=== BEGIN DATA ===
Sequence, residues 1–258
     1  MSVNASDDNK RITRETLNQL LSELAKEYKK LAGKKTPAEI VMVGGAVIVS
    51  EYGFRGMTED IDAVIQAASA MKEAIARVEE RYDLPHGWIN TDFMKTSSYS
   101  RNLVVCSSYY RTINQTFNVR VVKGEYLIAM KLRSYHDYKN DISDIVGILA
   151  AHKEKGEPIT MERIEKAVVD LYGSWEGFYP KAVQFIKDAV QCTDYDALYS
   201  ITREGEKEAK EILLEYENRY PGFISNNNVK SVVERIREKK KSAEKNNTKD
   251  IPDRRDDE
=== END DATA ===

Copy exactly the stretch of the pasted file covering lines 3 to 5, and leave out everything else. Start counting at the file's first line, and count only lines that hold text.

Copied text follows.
    51  EYGFRGMTED IDAVIQAASA MKEAIARVEE RYDLPHGWIN TDFMKTSSYS
   101  RNLVVCSSYY RTINQTFNVR VVKGEYLIAM KLRSYHDYKN DISDIVGILA
   151  AHKEKGEPIT MERIEKAVVD LYGSWEGFYP KAVQFIKDAV QCTDYDALYS